Melvin Carter is the latest of the Saint Paul mayoral candidates to return our joint questionnaire that was developed in partnership with the Saint Paul Bicycle Coalition and Transit for Livable Communities. We are still looking forward to responses from candidates Pat Harris, Tom Goldstein, and Tim Holden.
1. How do you get around in Saint Paul?
I live on the Green Line, just a few blocks away from the Western Station, making it easy and convenient to take the train when running errands. Most often, I use my bike for transportation to work and meetings. My kids have become really excited about biking, so we also take family bike rides and explore the paths and trails in the city.
2. In your opinion, what is Saint Paul’s greatest transportation challenge? How would you plan to address it while in office?
I think our greatest challenge will be implementing the big changes that can make our streets safe for both cars and people. There is plenty of space in Saint Paul to create protected bike lanes so that bikes and cars can safely share roads. West 7th Street is a great example – there’s a lot of wasted space on the road that could be used to create a protected bike lane without taking space away from cars.
Although there can be hurdles to implementing these changes, we can test projects with pilot programs. If we’re not sure how a protected trail might work along Ayd Mill road, let’s do a temporary pilot and see the results. If we aren’t quite ready to complete the downtown loop in its full, integrated form, let’s put some bollards up and make our community more connected and safe. Instead of imagining what a 4 to 3 lane conversion looks like, we can receive concrete feedback from residents who have experienced the benefits of these projects.
These temporary test solutions give residents a chance to explore new options and provide feedback in a real-world setting.
3. Our city streets have limited space to accommodate competing users, including people walking, people biking, people riding transit, people driving, parked cars, and delivery trucks. How do you feel these competing needs should be balanced?
If you go to a community meeting about a street project in any neighborhood across the city, you hear the same top priority: safety. That’s because everyone – no matter what mode of transportation you use – has to walk or use the sidewalk to get around. More than anything, people should be able to experience our city while feeling safe. That means having streets designed for cars, bikes, and pedestrians. These aren’t competing issues – there’s plenty of space in Saint Paul roads to create protected bike lanes while leaving room for cars.
Giving people multiple transportation options helps our streets flow more easily with fewer cars contributing to the city’s traffic. We need to be intentional about designing our streets so they’re safer and more accessible for both cars and bikers. As Mayor, street safety would be a top priority.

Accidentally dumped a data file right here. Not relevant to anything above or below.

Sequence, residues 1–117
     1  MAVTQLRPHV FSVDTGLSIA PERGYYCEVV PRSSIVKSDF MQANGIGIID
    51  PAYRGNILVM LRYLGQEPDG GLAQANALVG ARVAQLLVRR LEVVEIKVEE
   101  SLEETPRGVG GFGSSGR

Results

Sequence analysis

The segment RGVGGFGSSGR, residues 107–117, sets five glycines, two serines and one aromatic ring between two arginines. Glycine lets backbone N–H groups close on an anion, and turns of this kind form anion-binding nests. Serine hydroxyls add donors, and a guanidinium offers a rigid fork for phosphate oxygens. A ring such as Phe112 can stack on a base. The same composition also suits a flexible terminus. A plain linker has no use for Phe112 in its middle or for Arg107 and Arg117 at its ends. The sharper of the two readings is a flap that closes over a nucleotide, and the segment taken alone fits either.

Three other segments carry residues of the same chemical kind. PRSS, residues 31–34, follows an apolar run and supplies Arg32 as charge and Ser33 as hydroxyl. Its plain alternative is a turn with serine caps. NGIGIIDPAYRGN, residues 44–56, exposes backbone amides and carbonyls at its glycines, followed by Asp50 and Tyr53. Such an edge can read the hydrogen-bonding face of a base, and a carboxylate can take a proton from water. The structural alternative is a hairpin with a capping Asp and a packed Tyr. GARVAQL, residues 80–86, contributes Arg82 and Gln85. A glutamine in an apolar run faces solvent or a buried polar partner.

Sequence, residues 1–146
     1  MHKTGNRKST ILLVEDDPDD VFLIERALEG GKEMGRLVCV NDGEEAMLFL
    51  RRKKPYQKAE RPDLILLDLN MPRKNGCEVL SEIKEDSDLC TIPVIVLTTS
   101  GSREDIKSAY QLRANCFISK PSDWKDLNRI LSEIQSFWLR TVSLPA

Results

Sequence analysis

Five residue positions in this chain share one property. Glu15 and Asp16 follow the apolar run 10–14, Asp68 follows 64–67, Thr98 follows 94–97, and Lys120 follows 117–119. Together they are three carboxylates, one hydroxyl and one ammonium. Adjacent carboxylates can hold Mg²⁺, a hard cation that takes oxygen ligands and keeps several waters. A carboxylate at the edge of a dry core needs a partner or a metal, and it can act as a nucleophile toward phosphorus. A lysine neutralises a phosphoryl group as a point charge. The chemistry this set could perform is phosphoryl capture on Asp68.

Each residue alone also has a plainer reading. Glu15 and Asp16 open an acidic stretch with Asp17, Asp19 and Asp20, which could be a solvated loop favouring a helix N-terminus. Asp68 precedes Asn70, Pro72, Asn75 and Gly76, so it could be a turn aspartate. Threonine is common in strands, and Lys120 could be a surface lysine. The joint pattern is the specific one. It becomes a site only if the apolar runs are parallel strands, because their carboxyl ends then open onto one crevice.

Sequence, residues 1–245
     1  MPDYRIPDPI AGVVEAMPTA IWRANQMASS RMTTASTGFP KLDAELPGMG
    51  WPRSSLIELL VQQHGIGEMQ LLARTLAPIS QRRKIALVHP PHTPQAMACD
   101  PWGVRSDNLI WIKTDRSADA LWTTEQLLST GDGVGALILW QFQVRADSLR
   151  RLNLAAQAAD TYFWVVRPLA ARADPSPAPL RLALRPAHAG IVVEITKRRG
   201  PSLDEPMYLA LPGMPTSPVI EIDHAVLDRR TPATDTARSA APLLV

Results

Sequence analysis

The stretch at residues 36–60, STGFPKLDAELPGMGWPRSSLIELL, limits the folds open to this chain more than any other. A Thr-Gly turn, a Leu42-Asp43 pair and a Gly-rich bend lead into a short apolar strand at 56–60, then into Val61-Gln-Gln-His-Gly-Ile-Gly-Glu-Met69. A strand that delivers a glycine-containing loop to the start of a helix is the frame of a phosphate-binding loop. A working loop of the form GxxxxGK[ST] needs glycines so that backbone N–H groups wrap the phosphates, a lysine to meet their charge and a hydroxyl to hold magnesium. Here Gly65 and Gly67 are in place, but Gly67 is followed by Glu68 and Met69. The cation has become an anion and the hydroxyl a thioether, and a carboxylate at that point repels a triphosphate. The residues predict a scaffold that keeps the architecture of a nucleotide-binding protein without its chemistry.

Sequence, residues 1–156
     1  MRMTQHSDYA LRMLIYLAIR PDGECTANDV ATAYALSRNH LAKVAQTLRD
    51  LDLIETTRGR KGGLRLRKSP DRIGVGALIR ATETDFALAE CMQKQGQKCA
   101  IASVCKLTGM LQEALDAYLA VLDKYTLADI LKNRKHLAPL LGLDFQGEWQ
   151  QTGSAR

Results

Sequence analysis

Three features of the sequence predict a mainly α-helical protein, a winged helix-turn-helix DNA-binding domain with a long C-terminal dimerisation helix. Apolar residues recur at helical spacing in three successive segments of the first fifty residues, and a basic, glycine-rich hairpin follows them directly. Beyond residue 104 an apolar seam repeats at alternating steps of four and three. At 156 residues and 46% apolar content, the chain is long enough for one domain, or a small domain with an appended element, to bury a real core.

4. Do the current mechanisms for collecting feedback on transportation projects work?
a. If yes, why? If not, how would you change the process?
b. How would you involve more people who don’t normally participate in transportation conversations–such as young people, people of color, and people with low incomes?
I think the city does a great job of gathering information from the community about transportation projects. As Mayor, I would focus on pushing these conversations into action. We need to continue using thoughtful ways to get information from all channels, and work to improve putting this input into action.
The Ford Plant is a great example – we’ve been talking about the Ford Plant project for ten years but still haven’t made those ideas a reality. We need to expand the feedback loop further by making it more creative and accessible. Let’s partner with non-profits and community organizations with expertise and connections to people living in apartment buildings and multifamily housing. Let’s use public settings like bus stops as an opportunity to gather feedback from residents and people who regularly use public transportation and would benefit most from transportation projects. We shouldn’t be afraid to broaden our scope while at the same time acknowledging that not everything we try (and not everything we currently do) is perfect.
5. What are your priorities for transit development in Saint Paul and the East Metro?
Transit development is one of the issues that propelled me to run for Mayor. Much like railroads did in the past, transit will shape where private investment goes in Saint Paul and the East Metro. It signals to private investors where they should be placing their resources. Because of this, it’s important to advocate for better transit service to lower income neighborhoods like the East Side. We need to finish Riverview Corridor and other lines in planning. We can transform Union Corridor into a hub for transportation – like Penn Station in New York. As Mayor, I want to partner with the county, the Saint Paul Area Chamber of Commerce, East Metro Strong, and many others to create a robust coalition for transit in Ramsey County. At the same time, I’d partner with city and county officials in Washington and Dakota Counties to make sure our region fights at or above its weight. We need to create a long-term framework to best utilize transportation funds while making sure the projects we’ve already proposed are implemented successfully.
6. Do you support implementation of the city’s Bicycle Plan?
a. If yes, what are the obstacles to realizing the Plan and how would you address them? If not, why not?